It’s been a long road for Julianna Margulies and The Good Wife.
After seven seasons filled with melodrama and intense emotion, Margulies and her loyal audience are saying goodbye to The Good Wife (a.k.a. Alicia Florrick) for good. That’s 156 episodes of pure dedication, which isn’t that surprising considering the show garnered 180 award nominations during its run, and won a remarkable 28 of those — Margulies herself winning at least eight based on her performance alone.
The figurehead of The Good Wife, Margulies is one of the first women on TV to lead a show for such a long period of time, and she’s paved the way for other strong female characters to follow. Global News was present during a multi-outlet interview of Margulies, and here’s what she had to say about the show coming to an end. (The Good Wife series finale airs on Global TV on Sunday, May 8 at 9 p.m. ET.)
Global News: What was it like filming the last episode of The Good Wife?
Julianna Margulies: It was bittersweet, you know? It was one of those things where you want to leave people wanting more. And at the same time there’s — to me — so much more to find out about Alicia. And I’m just sad not to be acting with these wonderful actors and this great crew.
Do you think Alicia can ever truly be happy?
I think she can. And I think this season, being able to feel carefree with Jason, and leave her cares outside the door for a minute, has shown her a way to move forward. And her relationship with Lucca Quinn has allowed her to understand what true friendship is, and what it means to have a loyal friend who’s after nothing, except truly liking you as a person. And I think that will definitely help her find happiness.
But I think at the core of her being, you know, it is called The Good Wife for a reason. And I think, ultimately, she’s a good girl. And so the tough decisions she has to make… those sometimes make her feel like she’s not the good girl anymore. I think that constantly weighs her down in her ultimate happiness. But my wish would be (if we could see her in the future) that she wouldn’t care about what anyone thinks at all. And she would be able to forge ahead. I think that’s the path we see her going on as the series ends.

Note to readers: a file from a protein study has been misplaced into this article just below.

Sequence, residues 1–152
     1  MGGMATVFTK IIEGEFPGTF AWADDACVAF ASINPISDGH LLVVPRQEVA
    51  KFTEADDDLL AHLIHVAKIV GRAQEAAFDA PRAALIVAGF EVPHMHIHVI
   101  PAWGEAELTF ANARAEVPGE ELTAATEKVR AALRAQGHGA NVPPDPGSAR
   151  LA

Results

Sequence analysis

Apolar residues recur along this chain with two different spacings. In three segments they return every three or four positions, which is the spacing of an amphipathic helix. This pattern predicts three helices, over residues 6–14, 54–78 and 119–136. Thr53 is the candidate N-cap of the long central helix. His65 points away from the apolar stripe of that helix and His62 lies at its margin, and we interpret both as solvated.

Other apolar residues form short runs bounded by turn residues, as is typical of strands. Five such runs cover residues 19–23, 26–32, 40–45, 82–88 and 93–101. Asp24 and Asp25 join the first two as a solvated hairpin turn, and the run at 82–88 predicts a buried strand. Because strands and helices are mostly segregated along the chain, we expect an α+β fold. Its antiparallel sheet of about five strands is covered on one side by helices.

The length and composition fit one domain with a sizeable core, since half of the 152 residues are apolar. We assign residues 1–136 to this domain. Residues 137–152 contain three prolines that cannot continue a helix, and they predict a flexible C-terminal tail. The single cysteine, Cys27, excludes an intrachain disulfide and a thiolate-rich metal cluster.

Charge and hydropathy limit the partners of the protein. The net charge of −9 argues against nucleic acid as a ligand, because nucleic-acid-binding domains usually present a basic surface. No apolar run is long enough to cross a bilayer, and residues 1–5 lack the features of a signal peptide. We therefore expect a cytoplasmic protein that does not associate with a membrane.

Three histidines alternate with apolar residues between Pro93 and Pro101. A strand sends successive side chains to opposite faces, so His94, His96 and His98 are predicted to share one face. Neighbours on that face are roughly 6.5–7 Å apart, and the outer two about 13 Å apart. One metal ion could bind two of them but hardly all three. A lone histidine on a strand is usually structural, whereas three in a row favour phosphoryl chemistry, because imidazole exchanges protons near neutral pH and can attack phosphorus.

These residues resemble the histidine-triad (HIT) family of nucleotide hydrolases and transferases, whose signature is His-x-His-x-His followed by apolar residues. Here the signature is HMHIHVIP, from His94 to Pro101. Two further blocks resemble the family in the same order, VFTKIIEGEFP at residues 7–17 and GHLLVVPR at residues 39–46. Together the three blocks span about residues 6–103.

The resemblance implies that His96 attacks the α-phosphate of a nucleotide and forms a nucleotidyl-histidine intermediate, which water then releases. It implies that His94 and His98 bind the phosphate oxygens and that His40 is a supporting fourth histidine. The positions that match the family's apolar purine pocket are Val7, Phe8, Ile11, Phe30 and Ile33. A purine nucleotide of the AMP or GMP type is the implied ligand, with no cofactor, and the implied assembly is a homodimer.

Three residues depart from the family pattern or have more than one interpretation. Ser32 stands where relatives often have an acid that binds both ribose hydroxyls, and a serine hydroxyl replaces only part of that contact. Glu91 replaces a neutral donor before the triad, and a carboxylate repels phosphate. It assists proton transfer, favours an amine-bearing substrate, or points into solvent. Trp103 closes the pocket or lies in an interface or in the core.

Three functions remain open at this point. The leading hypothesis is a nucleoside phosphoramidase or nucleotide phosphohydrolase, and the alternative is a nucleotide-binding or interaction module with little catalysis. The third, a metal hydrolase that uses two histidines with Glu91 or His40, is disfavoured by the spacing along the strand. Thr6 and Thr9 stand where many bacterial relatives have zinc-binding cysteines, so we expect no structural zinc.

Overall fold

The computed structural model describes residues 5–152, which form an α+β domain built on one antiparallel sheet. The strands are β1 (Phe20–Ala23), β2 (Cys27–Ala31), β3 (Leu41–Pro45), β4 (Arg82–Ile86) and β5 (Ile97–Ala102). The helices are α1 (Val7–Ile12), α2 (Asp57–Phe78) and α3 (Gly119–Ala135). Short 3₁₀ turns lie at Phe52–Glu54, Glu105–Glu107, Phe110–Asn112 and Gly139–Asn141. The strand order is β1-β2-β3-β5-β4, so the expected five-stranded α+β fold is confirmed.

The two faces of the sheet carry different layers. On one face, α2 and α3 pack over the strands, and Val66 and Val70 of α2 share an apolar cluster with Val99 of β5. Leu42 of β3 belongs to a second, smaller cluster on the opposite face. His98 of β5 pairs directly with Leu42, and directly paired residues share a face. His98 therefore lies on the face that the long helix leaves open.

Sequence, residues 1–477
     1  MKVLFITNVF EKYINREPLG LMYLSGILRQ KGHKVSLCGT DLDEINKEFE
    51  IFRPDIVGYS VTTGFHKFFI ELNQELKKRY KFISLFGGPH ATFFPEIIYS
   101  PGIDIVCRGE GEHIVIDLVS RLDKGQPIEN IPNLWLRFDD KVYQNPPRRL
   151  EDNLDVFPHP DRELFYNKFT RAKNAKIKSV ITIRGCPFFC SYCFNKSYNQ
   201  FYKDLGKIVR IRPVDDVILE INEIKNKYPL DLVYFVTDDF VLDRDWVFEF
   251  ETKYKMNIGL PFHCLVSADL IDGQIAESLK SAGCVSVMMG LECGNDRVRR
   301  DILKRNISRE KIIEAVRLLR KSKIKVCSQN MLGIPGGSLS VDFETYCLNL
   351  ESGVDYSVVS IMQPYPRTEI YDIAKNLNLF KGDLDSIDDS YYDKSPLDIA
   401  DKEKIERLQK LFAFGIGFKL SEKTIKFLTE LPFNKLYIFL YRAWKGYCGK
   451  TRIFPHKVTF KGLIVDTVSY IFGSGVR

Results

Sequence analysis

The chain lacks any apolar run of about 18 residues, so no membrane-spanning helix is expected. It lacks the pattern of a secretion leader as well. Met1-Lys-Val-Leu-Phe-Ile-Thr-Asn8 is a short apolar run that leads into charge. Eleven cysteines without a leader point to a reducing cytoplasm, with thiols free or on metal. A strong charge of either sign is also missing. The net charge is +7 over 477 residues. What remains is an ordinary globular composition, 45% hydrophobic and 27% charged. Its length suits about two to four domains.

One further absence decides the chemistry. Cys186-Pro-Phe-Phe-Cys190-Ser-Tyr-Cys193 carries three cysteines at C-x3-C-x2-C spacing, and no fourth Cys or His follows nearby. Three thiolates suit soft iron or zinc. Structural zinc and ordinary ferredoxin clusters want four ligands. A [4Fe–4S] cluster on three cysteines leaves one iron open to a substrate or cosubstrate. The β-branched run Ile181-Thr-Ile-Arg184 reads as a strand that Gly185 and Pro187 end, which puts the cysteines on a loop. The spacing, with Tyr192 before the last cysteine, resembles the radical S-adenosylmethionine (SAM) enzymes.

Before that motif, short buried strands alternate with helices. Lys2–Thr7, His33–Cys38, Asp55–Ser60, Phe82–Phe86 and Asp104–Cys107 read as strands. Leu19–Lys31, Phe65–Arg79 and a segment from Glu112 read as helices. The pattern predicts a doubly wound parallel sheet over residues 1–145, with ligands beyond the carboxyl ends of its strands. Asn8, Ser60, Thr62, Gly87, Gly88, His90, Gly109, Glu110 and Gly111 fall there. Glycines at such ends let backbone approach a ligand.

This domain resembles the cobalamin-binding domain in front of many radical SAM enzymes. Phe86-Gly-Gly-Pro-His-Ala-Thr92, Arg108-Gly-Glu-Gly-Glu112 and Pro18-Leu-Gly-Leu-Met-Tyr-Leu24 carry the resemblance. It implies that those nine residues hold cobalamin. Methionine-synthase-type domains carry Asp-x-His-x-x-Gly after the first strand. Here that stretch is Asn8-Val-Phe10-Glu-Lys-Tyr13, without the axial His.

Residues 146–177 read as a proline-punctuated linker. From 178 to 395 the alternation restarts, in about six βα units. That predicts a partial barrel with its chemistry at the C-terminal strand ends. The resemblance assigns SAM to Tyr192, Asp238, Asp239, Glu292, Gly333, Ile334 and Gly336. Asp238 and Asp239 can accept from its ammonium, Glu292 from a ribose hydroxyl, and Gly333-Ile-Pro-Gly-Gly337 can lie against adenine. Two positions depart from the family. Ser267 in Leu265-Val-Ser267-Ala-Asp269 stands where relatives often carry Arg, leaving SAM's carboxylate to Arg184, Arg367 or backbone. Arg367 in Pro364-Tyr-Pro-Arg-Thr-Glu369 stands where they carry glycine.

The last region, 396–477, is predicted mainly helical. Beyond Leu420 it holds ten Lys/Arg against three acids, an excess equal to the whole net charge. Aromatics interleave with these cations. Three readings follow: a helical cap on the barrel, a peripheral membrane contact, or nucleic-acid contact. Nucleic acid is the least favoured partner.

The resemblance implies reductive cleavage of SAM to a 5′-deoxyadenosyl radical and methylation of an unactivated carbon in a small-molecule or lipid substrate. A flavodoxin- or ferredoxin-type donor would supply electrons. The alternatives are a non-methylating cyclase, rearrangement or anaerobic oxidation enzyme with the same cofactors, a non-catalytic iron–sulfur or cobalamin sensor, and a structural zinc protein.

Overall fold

How much of Alicia Florrick did you know at the beginning? And has the show played out the way you thought it would?
I asked them not to tell me anything, because I felt that it was important for my acting ability to grow with her and not know. In life we don’t know how our day is going to be. So I didn’t really want to know. I didn’t want to play the end of a scene in the beginning of the show. So there was one thing I did know: they told me from the beginning that they knew exactly how the very last scene would play out. I did know that. But I didn’t know where it would come from, or how it would happen, and I was happy not to.
And I can tell you this, we had to shoot the last scene of the very last episode first when we were shooting the last episode. And I looked at Christine Baranski, and I said, “Well, people are either going to love it or hate it. But there definitely won’t be any grey matter in between.”
How are you going to cope with not being a lead actress and producer? You’re going to have a lot of free time.